And don’t get me started on when they give out a prize like getting a paid day off FOR THE BEST COSTUME. How about a paid day off for working all weekend on the presentation that won a new client? Or for working late for two weeks to launch a project that had to meet a ridiculous deadline, especially considering none of us get overtime?

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    But the thing that always makes my case about how ridiculous things have gotten is the voting for Best Costume. Because that’s when it all goes horribly wrong. When the shy girl wears the same costume as the popular girl, but the popular girl puts almost no effort in and still gets more votes. It always happens. Priceless.

    And then there’s the cruelty. One year a few people voted for an annoying coworker who wasn’t in costume and he won for his “douche costume”. It may have been deserved, but it was mean. And the people who put on earnest costumes and made an effort were mad because the prize didn’t go to them, which it should have. I almost regret what I did.

    So, in conclusion…

    Halloween in the office is great if you want to see your coworkers dressed up, spend way too much time competing for something that won’t help us go home on time, or if you’re into something that creates new opportunities for favoritism and hurt feelings.

    Let’s just skip it and save all our resentment and hatred for the work that pays the bills.

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    Last Updated on December 2, 2019

    10 Powerful Ways to Stop Worrying and Start Living Today

    10 Powerful Ways to Stop Worrying and Start Living Today

    Plato knew that the body and mind are intimately linked. And in the late 1800s, the Mayo brothers, famous physicians, estimated that over half of all hospital beds are filled with people suffering from frustration, anxiety, worry and despair. Causes of worry are everywhere, in our relationships and our jobs, so it’s key we find ways to take charge of the stress.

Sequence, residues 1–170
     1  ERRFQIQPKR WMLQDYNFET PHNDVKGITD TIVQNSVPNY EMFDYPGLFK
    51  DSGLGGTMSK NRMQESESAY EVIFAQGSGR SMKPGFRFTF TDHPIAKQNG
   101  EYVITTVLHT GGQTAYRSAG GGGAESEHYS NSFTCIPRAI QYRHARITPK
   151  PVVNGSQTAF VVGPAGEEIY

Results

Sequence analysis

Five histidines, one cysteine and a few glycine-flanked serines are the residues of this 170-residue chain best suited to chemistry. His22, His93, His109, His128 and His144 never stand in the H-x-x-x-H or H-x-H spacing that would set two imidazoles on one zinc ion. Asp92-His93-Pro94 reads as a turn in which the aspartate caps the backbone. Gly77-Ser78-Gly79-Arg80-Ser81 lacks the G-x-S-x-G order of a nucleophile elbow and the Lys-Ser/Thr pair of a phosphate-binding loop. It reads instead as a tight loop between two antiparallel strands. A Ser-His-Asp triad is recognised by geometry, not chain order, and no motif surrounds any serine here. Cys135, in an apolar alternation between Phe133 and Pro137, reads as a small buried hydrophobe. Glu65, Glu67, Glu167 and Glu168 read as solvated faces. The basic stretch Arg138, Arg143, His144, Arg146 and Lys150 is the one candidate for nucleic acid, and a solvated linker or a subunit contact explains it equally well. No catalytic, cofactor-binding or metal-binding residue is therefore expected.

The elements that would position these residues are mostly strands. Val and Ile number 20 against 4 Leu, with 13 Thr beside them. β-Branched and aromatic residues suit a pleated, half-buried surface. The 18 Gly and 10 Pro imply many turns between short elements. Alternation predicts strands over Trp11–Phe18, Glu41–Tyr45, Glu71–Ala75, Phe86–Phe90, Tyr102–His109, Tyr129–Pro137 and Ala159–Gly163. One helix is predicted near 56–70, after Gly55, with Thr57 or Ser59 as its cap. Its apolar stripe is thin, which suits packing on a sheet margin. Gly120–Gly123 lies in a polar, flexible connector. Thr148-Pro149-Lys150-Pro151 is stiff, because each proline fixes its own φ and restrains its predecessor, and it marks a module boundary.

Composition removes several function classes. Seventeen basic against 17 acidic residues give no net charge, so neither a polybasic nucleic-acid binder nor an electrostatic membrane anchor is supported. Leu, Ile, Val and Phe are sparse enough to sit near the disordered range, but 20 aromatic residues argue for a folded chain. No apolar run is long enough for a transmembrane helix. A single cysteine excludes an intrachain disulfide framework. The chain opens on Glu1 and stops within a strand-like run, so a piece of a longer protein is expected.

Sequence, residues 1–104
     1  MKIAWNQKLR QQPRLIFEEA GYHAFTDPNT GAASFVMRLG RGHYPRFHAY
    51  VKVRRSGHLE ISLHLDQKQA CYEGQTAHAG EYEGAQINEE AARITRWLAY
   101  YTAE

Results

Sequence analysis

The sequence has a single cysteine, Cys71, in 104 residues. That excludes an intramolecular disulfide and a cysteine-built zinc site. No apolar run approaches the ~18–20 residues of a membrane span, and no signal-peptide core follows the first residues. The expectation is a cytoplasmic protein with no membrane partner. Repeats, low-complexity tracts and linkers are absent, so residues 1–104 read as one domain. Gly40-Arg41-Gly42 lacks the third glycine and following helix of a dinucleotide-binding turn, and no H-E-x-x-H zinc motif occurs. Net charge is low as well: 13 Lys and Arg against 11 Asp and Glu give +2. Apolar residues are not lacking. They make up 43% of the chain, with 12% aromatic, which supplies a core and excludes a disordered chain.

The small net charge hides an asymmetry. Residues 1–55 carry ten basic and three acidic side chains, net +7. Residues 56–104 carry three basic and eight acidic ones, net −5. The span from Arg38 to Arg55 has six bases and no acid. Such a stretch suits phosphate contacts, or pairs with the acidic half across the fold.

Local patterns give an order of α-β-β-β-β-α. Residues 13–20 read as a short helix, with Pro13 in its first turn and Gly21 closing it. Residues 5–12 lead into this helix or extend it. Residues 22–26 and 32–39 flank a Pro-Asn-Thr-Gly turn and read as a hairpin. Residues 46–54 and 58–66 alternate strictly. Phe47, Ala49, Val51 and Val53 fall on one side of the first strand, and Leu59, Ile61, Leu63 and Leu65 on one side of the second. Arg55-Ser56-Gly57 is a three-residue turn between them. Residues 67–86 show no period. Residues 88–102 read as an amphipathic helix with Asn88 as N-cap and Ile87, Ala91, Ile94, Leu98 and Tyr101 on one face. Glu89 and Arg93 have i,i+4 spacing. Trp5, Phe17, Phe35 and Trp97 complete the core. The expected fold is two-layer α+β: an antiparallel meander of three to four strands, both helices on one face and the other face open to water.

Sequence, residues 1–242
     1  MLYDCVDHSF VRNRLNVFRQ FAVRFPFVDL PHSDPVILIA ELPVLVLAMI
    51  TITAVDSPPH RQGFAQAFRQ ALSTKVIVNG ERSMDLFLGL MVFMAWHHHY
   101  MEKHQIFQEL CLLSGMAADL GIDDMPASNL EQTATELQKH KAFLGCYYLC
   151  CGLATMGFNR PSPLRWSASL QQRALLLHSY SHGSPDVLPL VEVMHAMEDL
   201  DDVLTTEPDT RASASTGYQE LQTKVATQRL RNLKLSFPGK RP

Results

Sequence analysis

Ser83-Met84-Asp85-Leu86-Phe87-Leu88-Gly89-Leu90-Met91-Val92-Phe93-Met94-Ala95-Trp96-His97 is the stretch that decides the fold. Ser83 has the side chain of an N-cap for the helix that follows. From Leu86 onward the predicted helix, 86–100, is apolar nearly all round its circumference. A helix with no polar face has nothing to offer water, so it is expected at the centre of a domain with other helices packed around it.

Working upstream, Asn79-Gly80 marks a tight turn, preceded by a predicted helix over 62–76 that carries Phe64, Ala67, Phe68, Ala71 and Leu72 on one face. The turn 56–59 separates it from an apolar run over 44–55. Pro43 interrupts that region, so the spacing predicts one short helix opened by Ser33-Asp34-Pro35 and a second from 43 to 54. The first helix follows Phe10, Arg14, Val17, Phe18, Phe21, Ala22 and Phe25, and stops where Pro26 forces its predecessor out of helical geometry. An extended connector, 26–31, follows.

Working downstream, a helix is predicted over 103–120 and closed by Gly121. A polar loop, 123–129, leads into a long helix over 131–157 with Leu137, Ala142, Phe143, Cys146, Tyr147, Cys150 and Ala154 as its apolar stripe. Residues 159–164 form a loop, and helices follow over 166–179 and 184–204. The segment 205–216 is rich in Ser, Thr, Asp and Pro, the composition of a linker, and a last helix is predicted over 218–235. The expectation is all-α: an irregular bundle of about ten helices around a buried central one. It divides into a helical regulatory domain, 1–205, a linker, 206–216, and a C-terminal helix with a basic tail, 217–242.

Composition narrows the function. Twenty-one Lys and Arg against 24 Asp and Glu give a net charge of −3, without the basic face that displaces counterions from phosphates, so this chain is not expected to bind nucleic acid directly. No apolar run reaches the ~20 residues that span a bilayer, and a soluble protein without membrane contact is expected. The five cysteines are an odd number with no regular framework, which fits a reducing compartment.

In his classic book How to Stop Worrying and Start Living, Dale Carnegie offers tools to ditch excessive worrying that help you make a worry-free environment for your private and professional life.

    These are the top 10 tips to grab worry by the horns and wrestle it to the ground:

    1. Make Your Decision and Never Look Back

    Have you ever made a decision in life only to second-guess it afterwards? Of course you have! It’s hard not to wonder whether you’ve done the right thing and whether there might still be time to take another path.

    But keep this in mind: you’ve already made your decision, so act decisively on it and dismiss all your anxiety about it.

    Don’t stop to hesitate, to reconsider, or to retrace your steps. Once you’ve chosen a course of action, stick to it and never waver.

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    2. Live for Today, Package Things up in “Day-Tight Compartments”

    You know that feeling: tossing, turning and worrying over something that happened or something that might, well into the wee hours. To avoid this pointless worrying, you need “day-tight compartments”. Much as a ship has different watertight compartments, your own “day-tight” ones are a way to limit your attention to the present day.

    The rule is simple: whatever happened in the past or might happen in the future must not intrude upon today. Everything else has to wait its turn for tomorrow’s box or stay stuck in the past.

    3. Embrace the Worst-Case Scenario and Strategize to Offset It

    If you’re worried about something, ask yourself: “What’s the worst thing that could happen?” Could you lose your job? Be jailed? Get killed?

    Whatever the “worst” might be, it’s probably not so world-ending. You could probably even bounce back from it!